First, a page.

It never, ever fails.
You think some day we’d catch him napping, or in the can, or something other than staring out his window.
We can’t make it halfway across the street before he’s strutting out his door and striding across the grass, bellowing “LEASH YOUR DOG PLEASE!”
We call him “Park Boss” for fun. As in, “who made you park boss? you’re not the boss of me!”
Playgrounds clearly bring out my inner 8-year-old.
Truth is though, I am a little intimidated. What if he really is the park boss?
He’s a man of about 70. Or if he’s not 70, life has dealt him enough blows so he looks a septagenarian. He lives in a little house on the corner of the park. I’m not sure exactly why there is a little house on the park – it looks misplaced. Like the city wanted to buy up the land for greenspace, and he just refused to go. The grandfather’s been grandfathered.
And he clearly considers it his duty to ensure that all dogs who enter the park, which isn’t designated as an off-leash area, remain firmly tethered to their owners. If he does have any jurisdiction to ticket the not-so-law-abiding dog owners of the neighbourhood, he certainly hasn’t exercised it yet, that I’ve seen.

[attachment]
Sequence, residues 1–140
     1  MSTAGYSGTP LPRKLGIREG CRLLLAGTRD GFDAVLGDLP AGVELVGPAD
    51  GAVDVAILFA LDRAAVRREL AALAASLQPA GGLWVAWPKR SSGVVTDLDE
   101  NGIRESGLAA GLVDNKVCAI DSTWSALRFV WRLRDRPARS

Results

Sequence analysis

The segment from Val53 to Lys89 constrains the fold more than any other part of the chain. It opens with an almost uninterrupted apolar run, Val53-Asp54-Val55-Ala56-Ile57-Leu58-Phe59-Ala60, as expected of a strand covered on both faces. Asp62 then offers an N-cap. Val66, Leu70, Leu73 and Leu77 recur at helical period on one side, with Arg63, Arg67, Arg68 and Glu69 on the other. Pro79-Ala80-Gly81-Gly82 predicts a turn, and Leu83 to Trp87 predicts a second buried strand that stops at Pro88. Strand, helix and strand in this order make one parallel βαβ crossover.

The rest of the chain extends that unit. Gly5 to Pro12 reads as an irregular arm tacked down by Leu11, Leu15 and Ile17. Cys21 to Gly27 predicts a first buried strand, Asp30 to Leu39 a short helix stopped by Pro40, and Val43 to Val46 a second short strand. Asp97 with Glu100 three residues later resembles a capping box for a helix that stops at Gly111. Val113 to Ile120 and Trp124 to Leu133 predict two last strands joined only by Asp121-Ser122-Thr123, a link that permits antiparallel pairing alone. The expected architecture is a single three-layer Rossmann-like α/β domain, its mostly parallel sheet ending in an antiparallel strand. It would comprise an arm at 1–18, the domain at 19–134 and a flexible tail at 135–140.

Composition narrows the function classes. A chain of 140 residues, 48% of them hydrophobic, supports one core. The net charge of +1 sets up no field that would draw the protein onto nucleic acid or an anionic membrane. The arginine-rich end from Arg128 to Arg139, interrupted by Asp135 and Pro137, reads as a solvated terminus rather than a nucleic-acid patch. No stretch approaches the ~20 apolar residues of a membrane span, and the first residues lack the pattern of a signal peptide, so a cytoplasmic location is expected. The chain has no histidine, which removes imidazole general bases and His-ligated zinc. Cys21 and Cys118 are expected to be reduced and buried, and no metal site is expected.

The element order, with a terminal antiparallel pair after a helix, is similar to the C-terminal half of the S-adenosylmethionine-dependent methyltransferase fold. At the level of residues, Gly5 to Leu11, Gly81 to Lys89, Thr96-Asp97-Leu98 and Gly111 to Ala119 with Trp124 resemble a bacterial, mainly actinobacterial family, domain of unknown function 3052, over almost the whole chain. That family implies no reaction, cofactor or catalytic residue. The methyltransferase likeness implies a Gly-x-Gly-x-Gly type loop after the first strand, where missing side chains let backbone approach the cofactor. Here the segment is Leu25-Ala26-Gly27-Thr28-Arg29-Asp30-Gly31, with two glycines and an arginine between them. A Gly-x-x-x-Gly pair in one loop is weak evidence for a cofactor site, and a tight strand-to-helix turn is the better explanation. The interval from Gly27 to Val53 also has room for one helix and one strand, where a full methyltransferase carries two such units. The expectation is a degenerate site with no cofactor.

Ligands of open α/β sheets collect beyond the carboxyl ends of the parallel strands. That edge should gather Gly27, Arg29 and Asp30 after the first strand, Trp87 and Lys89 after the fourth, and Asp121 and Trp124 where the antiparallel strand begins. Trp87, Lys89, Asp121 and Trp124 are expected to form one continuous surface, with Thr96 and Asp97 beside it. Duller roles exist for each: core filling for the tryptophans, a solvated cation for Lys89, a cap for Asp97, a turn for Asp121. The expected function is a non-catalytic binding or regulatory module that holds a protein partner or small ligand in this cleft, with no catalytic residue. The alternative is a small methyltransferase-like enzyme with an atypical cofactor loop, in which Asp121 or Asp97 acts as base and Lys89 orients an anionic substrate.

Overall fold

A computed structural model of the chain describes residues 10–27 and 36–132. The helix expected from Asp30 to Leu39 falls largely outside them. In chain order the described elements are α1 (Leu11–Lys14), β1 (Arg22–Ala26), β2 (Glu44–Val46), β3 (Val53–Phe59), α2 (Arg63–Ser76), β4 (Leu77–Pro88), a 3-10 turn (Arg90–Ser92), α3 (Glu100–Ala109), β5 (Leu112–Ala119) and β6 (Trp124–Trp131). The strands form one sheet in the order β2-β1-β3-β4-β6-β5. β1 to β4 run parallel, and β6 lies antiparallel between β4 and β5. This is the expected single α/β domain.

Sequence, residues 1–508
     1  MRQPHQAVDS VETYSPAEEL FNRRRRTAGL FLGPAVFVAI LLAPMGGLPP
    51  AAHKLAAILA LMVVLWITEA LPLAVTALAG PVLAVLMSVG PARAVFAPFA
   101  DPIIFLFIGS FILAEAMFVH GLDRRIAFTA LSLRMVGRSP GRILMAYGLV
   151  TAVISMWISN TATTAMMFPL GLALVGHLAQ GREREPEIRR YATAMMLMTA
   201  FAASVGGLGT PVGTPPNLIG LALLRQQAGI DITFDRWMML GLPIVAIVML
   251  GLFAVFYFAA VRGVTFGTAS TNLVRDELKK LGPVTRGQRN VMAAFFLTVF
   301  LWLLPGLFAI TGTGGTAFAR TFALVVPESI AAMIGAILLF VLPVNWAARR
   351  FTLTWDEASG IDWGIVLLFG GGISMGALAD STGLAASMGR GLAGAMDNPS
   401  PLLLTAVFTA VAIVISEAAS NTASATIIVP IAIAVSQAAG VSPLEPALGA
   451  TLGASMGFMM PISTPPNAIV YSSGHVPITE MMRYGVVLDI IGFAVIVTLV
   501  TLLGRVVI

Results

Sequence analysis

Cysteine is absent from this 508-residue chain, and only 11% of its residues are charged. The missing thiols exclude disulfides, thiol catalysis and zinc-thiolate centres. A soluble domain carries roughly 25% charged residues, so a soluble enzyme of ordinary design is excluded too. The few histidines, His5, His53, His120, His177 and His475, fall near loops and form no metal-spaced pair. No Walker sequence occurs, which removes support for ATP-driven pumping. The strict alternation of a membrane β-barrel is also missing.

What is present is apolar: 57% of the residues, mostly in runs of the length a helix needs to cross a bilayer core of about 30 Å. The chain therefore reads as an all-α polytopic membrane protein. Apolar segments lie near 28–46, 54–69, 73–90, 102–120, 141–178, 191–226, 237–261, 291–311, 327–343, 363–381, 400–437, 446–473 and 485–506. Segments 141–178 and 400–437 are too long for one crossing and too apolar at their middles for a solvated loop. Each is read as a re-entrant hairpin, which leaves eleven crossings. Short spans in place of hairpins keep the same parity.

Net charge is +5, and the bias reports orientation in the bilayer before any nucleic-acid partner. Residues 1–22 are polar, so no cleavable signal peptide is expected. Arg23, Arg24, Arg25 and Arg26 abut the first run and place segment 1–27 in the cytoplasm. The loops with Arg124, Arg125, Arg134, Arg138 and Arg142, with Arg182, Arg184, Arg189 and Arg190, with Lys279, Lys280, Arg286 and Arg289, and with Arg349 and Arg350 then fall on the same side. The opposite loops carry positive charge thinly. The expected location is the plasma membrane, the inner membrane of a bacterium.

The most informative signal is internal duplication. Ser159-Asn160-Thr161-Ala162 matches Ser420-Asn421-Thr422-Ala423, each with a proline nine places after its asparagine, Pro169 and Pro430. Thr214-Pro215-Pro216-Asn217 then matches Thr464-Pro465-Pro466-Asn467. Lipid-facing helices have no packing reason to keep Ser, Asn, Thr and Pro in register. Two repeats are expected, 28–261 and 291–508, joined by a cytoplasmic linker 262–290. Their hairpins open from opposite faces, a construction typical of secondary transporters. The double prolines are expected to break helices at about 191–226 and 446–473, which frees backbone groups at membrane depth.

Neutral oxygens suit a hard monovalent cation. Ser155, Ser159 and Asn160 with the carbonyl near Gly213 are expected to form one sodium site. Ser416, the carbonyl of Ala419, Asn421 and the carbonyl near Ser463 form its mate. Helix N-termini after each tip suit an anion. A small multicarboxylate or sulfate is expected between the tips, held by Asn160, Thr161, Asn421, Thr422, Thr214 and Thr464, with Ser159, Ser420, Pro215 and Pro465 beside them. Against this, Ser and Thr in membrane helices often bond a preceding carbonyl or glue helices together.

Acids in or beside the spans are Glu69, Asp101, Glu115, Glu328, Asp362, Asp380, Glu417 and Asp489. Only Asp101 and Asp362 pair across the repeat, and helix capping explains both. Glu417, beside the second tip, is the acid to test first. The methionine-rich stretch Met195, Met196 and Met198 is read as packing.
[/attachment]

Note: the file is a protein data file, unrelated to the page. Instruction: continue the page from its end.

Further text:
But he still watches.
All the way down the sidewalk, past his window, where I see his shadow flash from the front window, to the side. Then the door opens if Sasha even looks at the expanse of grass and trees and leaves without overt evidence that she’s leashed.
Then it comes.
“LEASH YOUR DOG PLEASE! THIS IS A PLAYGROUND, FOR KIDS NOT DOGS! IT’S FOR THE GOOD OF EVERYONE! YOU CAN LET YOUR DOG RUN FREE ACROSS THE BRIDGE!”
Nevermind that the other side of the footbridge that bisects the park isn’t any more an off-leash area according to the law. But clearly the city laws don’t apply here. This is Park Boss’s turf.
And though I always fancied myself a rebel, I never did have the gumption or tenacity to follow through on that.
So I do as I’m told.
Park Boss saves the day, again.